After high school, she went on to attended METU, which has English as the official language. “That first year was a little bit hard for me,” she said. “I wanted to jump into the sciences but I had to take English classes first.” She received her combined B.S./M.S. in physics education from METU in 2007.
Hilal was the first in her family to go to college, but not the last. Her two sisters followed her lead — one received a B.S. and an M.S. in math education and the other received a B.S. in international relations.
From Turkey to Texas
After receiving her degrees from METU, she applied and was accepted to Southern Methodist University (SMU) in Dallas. When Hilal arrived in 2008 after her long flight from Turkey, the city wasn’t at all what she expected. She thought it would be mostly a desert and was surprised by the sprawling metropolis and the downtown high-rises.
Many of the challenges she faced weren’t academic. She had never driven, didn’t have a car. At first, she got rides from her new friends and used public transportation when it was available. But she needed to learn to drive, and after a year she got her Texas driver’s license. She was able to borrow cars from friends and eventually bought a used 1993 Toyota Corolla that, until she got it fixed, needed a regular infusion of power steering fluid. “I learned quite a bit about mechanics with that car,” Hilal said.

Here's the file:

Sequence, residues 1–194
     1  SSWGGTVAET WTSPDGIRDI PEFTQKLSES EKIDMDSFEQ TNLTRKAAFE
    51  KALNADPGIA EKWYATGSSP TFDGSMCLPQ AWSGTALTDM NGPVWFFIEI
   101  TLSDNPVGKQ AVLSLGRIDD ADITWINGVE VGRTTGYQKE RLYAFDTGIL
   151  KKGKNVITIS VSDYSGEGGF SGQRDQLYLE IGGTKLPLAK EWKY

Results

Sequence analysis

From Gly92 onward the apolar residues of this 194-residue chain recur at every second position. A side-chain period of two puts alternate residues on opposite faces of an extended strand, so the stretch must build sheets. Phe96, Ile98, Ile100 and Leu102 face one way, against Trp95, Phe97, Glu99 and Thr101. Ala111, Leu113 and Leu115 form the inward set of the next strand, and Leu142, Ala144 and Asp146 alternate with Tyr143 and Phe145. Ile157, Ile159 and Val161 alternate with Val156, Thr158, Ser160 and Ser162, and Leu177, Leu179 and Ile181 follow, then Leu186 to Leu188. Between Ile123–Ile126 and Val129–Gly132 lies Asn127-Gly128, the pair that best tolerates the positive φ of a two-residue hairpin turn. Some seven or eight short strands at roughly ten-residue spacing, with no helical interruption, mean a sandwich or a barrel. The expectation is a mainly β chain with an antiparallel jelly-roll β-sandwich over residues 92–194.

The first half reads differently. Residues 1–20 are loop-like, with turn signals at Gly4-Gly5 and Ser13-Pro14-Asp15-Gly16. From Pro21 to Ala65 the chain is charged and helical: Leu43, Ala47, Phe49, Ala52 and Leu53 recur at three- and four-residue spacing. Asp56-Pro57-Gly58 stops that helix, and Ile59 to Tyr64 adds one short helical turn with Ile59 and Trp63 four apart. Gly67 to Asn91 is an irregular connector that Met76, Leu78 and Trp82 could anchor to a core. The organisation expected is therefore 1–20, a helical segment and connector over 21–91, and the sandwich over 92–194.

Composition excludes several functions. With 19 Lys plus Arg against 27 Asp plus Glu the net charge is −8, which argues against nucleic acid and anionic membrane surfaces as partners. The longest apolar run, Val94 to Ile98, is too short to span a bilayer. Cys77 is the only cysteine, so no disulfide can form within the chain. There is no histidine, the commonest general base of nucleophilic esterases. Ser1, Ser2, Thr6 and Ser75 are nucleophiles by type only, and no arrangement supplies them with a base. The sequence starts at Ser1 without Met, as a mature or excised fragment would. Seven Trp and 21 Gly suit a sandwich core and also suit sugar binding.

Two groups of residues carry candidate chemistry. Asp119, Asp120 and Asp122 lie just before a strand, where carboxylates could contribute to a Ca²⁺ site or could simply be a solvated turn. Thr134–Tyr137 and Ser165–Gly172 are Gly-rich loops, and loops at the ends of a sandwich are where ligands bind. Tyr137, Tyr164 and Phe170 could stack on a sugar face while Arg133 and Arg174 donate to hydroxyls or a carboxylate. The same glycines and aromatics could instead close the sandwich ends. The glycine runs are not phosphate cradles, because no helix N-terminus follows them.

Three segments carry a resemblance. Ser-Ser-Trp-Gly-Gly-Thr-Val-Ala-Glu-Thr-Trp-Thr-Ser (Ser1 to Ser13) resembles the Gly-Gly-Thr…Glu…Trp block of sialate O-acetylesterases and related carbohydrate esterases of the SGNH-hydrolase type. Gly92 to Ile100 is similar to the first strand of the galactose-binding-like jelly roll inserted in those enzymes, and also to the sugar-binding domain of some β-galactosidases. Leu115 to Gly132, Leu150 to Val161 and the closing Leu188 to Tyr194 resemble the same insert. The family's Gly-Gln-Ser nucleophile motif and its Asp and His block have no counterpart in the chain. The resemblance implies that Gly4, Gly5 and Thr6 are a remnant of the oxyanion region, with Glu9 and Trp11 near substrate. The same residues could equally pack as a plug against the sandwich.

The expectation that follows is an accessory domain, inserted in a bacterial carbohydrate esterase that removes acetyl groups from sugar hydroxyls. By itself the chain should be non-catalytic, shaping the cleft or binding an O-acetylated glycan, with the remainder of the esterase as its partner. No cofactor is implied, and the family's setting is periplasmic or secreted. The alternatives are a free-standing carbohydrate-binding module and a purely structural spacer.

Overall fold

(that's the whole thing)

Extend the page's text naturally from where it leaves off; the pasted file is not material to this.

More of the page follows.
She met her husband, Mehmet Fatih Cansizoglu, when she was at SMU. “So that’s when my plans changed a little bit.”
She had been planning to stay at SMU for her Ph.D. but Mehmet was pursuing a Ph.D. in applied science at the University of Arkansas (UA) Little Rock.
By chance, Hilal already knew Mehmet’s advisor at UA Little Rock, Tansel Karabacak, an associate professor in the Applied Sciences Graduate Program. Before starting the program at SMU, Hilal had been in touch with Karabacak, who was interested in recruiting her for work on nanostructures at UA Little Rock. But at that time, he didn’t have funding for a position for her.
“When we decided to get married, Dr. Tansel had a grant where he could hire a research assistant. We got lucky. I was one of the best picks!” she said.
Hilal went on to receive her Ph.D. in Engineering Physics/Applied Physics in 2014 from UA Little Rock. She stayed on for several months as a postdoc but then got the offer in M. Saif Islam’s lab at UC Davis. She moved to Davis during the summer of 2015 and took up the challenge of figuring out how to put holes into silicon.
But as can be common with academic couples, landing at the same institution, or even in the same city or region, can be a challenge. Mehmet is now in Dallas, Texas.
“He got an offer as a post doc at Southwestern Medical School,” Hilal said. “He made a transition to biophysics. He’s building instruments for bacterial detection. It’s very interesting, very exciting work,” she said.
Dallas is about a three-and-a-half-hour flight from Sacramento. Although she didn’t take her first flight until she was on her way to the United States, air travel is now a regular part of her life.
“Yes. I fly quite a bit,” she laughed.
This story was originally posted on the Office of Research Engineering website